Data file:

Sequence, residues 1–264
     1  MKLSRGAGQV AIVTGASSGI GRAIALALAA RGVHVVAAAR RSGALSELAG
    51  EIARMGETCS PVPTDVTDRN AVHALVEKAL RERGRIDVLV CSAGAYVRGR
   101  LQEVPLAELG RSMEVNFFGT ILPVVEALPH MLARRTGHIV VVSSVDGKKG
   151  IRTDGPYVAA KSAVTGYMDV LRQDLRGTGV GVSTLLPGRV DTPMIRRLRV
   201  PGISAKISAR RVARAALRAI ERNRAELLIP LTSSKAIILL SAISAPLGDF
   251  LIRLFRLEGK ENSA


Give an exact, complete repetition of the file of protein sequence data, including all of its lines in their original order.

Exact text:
Sequence, residues 1–264
     1  MKLSRGAGQV AIVTGASSGI GRAIALALAA RGVHVVAAAR RSGALSELAG
    51  EIARMGETCS PVPTDVTDRN AVHALVEKAL RERGRIDVLV CSAGAYVRGR
   101  LQEVPLAELG RSMEVNFFGT ILPVVEALPH MLARRTGHIV VVSSVDGKKG
   151  IRTDGPYVAA KSAVTGYMDV LRQDLRGTGV GVSTLLPGRV DTPMIRRLRV
   201  PGISAKISAR RVARAALRAI ERNRAELLIP LTSSKAIILL SAISAPLGDF
   251  LIRLFRLEGK ENSA